By Jennifer l. Warren
MIDDLETOWN – For Zach Ertrachter last Monday’s White Coat Ceremony was one of the biggest in his life.
The Poughkeepsie resident was one of 135 students who was on the fringe of receiving the white attire that carries multiple, hefty symbolic meanings.
“Today is the culmination of a lot of work-blood, sweat and tears,” reflected Ertrachter, who has a lieutenant status in the military. “I’m going to be an Army Doctor, so this represents the first step in a very long journey that I am committed to-one to the Army, school and service to others- into my late 30’s.”
Inside Middletown’s Paramount Theatre doors, Ertrachter joined his incoming 2023 medical student class, as they proudly took the White Coat Oath (standing for compassionate care as well as scientific proficiency) before being fitted into the prestigious garb, carrying potent overtures. In addition to privilege, professionalism, sound ethics, and tradition, the coat further resonates with each student’s personal journey and the road that got them to this day. Perhaps most tangibly, it officially signifies their official entrance into the medical profession.
For the past six years, Touro College in Middletown has been educating and grooming students in the medical profession. With a highly competitive field of candidates vying for a small sampling of esteemed spots, Touro College includes some of the brightest minds and determined spirits on both the student and faculty levels. Recently the School graduated its second class, whose members are now working at some of the country’s most prestigious hospitals.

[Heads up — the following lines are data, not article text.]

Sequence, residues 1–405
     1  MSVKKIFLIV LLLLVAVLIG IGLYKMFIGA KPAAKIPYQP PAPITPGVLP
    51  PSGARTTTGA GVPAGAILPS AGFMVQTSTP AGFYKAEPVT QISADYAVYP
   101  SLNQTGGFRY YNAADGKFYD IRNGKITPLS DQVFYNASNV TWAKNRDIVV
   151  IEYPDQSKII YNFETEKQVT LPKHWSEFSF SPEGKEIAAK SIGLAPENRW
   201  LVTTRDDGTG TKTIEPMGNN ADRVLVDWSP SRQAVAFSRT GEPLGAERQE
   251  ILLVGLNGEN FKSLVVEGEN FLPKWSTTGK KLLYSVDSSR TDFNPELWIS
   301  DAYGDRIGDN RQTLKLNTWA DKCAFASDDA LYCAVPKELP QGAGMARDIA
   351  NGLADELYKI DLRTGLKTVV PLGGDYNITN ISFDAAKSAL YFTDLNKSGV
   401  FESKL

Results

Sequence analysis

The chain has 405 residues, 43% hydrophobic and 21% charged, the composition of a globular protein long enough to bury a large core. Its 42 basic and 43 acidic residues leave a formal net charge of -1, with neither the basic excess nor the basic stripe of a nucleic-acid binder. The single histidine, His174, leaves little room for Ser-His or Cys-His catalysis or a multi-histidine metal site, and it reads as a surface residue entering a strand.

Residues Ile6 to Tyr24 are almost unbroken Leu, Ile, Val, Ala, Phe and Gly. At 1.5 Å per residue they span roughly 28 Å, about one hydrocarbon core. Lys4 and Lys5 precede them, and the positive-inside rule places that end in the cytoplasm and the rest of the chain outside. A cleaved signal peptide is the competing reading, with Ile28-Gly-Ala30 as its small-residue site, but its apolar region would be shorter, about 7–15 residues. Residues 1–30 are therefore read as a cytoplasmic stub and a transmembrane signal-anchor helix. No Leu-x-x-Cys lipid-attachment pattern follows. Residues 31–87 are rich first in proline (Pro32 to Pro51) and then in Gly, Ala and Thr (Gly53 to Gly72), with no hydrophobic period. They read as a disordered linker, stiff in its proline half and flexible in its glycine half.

With this incoming Class of 2023 as well there are high hopes and expectations. Some of those were encapsulated in the Invocation, provided by Rabbi Baruch Fogel of the Touro College and University System.
“May they learn this,” Fogel turned to the 135 young men and women about to receive their White Coats. “The best way to care for your patients… is to care for your patients.”
That education is also embedded in something else: self-care.
“You will be challenged,” advised Tony Danza of the Danza-Lesser Group. “Take time for yourself: You need to be strong before you can care for others.”
Vestiges of those personal journeys resided throughout the Paramount Theatre last week. Over 100 students had stories riddled with hard work, sacrifice and unbridled joy. One of those was Leydricah Saint Louis.
“After many nights of tearful sleeping, I finally completed one of the milestones, sometimes blurred by my tears,” recollected Saint Louis. “I would like to thank my strong support system for barricading me with the encouragement I needed when studying got hard; I don’t know where I would be without it.” She added, “My White Coat Ceremony was a visual representation of my hard work and was a huge motivator, but the work does not stop here; instead it continues, and I’m excited to see what the future holds.”
Her classmate and friend, Lynn Allyssa Desire echoed similar sentiments, as well as her reasoning behind her Touro College selection and satisfaction.
“I applied to Touro College of Osteopathic Medicine first as a Master’s student because their mission statement aligns with my goal of providing health care to undeserved communities; Touro also aims to increase the number of underrepresented minorities such as myself.” said Desire. “As a Haitian immigrant, I am grateful for the opportunity to become the first physician in my family, and I am thankful for the staff and faculty for creating such a welcoming environment for us students and for genuinely caring about our success and well being.”